Saturday, July 18, 2009

Setting Apache Load Balancer with a cluster of Tomcat servers

Posted by Kris Gemborys

If you want to configure an apache HTTP server as a load-balancer that forwards requests to a cluster of Tomcat servers and ensure that sticky sessions actually stick you are not alone.If you spent hours reading various articles with incomplete and outdated information and your cluster of servers bahaves not exactly the way you want it to, do not dispair just keep reading.

The one important lesson I have learn is that if you successfully configured your first Tomcat cluster, configuring and testing the next one will take you only minutes. Setting load balancing with sticky sessions is actually trivial if you: a) Pay attention to these slashes when entering Proxy Balancer settings b) Understand that an apache HTTP server follows a specific naming convention for cookies used to route HTTP request to back-end servers


1) Fedora Linux - Tested with Fedora 8 - Command to check the Linux version: cat /proc/version

2) Apache HTTP Server - Tested with Apache 2.2.6 bundled with Fedora 8 distribution - Command to check Apache version: httpd -V

3) Tomcat server - Tested with Apache Tomcat 6.0.16 - You can download the latest version of Tomcat from:

Word of Caution:

Before making any significant changes to configuration files you need to remember to make backups!

Cluster Topology

The simple cluster used for configuring load balancer consists with a single Apache HTTP server forwarding traffic to two Tomcat servers. All three components were deployed to a single physical server running Linux. The Apache HTTP server is configured to listen on ports 80 and 443, while the Tomcat servers listens on ports 14180 and 15180.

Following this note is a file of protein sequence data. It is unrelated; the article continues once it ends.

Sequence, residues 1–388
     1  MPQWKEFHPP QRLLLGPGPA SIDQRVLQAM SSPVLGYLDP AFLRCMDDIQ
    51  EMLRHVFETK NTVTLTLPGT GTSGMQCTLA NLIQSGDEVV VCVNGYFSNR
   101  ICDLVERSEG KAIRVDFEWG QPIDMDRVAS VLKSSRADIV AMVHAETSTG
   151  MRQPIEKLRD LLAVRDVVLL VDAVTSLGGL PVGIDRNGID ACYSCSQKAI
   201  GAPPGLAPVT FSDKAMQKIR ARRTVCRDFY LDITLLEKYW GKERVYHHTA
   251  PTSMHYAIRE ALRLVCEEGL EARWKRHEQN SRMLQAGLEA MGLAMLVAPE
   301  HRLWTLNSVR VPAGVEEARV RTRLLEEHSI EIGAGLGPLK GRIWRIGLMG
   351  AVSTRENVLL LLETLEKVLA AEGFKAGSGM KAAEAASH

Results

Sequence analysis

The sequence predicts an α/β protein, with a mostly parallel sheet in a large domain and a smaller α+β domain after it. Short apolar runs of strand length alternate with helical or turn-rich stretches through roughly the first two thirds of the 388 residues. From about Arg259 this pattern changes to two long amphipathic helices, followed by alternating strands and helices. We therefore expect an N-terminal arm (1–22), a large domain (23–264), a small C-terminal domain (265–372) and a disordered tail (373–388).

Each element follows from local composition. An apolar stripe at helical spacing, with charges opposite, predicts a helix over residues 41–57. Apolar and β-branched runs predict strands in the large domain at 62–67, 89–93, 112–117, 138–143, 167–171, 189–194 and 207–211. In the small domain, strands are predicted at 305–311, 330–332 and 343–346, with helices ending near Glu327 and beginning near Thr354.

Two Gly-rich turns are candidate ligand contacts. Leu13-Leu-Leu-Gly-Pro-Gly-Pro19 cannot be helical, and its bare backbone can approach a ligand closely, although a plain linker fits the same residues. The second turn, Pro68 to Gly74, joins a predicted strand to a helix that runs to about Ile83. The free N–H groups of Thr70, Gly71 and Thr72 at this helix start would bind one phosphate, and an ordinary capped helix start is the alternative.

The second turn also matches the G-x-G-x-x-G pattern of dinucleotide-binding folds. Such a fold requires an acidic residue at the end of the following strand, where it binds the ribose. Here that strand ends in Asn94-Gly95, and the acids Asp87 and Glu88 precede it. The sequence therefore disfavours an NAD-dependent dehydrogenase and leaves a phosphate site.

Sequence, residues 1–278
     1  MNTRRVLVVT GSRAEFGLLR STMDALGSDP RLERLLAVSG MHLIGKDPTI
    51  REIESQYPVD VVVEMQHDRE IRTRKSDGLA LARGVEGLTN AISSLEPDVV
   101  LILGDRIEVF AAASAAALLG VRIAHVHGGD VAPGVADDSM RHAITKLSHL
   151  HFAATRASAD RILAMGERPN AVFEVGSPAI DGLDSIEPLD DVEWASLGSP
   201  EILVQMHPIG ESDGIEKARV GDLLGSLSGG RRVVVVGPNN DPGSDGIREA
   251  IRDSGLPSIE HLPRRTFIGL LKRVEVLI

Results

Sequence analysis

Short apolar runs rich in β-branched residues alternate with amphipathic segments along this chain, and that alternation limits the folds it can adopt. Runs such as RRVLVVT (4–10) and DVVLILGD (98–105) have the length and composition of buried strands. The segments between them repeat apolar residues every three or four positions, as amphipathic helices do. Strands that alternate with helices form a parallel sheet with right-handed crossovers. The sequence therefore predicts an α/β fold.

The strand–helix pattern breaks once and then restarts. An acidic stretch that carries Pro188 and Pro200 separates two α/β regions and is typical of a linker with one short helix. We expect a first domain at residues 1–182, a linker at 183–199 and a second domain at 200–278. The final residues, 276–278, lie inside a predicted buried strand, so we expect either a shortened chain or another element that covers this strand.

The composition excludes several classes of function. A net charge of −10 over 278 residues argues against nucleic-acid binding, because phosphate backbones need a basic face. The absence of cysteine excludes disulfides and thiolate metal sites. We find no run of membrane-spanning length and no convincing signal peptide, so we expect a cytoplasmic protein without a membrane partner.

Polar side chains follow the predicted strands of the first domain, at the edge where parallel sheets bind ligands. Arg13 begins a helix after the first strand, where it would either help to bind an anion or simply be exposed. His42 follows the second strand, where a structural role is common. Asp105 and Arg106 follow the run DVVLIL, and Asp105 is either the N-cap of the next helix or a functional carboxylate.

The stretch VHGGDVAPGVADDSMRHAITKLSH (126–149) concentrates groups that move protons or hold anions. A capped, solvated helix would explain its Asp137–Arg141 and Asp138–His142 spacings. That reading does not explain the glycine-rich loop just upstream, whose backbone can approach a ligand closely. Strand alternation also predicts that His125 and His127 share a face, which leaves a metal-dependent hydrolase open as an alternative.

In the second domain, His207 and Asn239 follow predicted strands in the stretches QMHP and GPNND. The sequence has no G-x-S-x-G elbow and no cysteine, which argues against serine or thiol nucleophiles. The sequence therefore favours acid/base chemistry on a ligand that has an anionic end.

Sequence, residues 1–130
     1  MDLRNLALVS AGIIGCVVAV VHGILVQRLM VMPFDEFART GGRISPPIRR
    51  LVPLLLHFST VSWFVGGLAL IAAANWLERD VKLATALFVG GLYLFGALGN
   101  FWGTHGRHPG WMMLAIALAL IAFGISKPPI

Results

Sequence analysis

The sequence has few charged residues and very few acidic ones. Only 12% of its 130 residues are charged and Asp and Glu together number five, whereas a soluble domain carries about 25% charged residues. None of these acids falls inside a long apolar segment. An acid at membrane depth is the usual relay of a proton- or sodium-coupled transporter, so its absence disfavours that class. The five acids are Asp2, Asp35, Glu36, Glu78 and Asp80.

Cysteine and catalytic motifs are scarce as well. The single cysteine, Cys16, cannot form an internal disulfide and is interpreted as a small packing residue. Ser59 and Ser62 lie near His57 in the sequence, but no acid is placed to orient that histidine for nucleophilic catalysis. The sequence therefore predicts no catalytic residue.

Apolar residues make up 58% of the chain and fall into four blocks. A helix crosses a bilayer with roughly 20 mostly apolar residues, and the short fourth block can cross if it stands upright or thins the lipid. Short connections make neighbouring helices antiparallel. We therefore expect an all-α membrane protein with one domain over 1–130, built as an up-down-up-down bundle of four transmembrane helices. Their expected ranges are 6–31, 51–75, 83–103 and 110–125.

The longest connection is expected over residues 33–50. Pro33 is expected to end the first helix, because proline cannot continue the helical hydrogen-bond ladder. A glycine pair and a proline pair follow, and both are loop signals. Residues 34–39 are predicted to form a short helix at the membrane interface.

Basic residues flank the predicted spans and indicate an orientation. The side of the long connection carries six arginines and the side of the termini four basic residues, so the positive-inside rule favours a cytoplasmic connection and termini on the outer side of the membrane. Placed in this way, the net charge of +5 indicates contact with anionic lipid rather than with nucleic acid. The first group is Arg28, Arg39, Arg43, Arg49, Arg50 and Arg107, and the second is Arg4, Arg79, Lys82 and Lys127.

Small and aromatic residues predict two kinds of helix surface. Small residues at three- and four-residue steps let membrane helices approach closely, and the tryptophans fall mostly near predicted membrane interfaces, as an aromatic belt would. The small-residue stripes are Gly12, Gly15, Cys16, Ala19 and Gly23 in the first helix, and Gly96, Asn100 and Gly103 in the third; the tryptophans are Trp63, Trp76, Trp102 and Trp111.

Figure 1. Simplified Topology Diagram

Figure 2. Apache Load Balance Manager Configuration

Configuring the Apache Load-Balancer

You start configuring load balancing by modifying the apache HTTP server configuration - httpd.conf.

The default location of these file is /etc/httpd/conf/httpd.conf

First check if the following modules are enabled:

LoadModule rewrite_module modules/ LoadModule proxy_module modules/ LoadModule proxy_balancer_module modules/ LoadModule proxy_http_module modules/ LoadModule proxy_connect_module modules/ LoadModule cache_module modules/

Modules mod_cache and mod_rewrite are optional.

Next you need to enable access to load balancer manager by adding the entries:

<Location /balancer-manager> SetHandler balancer-manager

Order Deny,Allow Deny from all Allow from </Location>

The purpose of Deny and Allow entries is to limit access to specific resources and you need to customize these entries according to your needs.

In order to enable load balancing functionality, you will need to configure the proxy module.

Below configuration entries allow only access from your internal none-routable IP addresses.

<IfModule mod_proxy.c>

<Proxy *> Order deny,allow Deny from all Allow from 192.168.1 </Proxy>

ProxyRequests Off

ProxyPass /balancer-manager ! ProxyPass /server-status ! ProxyPass /server-info !


If you want to enable access to all users you will need to replace the above <Proxy> settings with:

<Proxy *> Order deny,allow Allow from all </Proxy>

The ProxyPass entry with ! is used to specify exclusions, the urls excluded from being forwarded to beckend servers.

Now it is time to configure our cluster:

NameVirtualHost *:80
<VirtualHost *:80>

DocumentRoot "/var/www/html"
ProxyRequests Off

<Proxy *>
Order deny,allow
Deny from all
Allow from 192.168.1

ProxyPass / balancer://maxcluster/ stickysession=JSESSIONID|jsessionid nofailover=On
ProxyPassReverse /
ProxyPassReverse /
<Proxy balancer://maxcluster>
BalancerMember route=node01
BalancerMember route=node02
ProxySet lbmethod=byrequests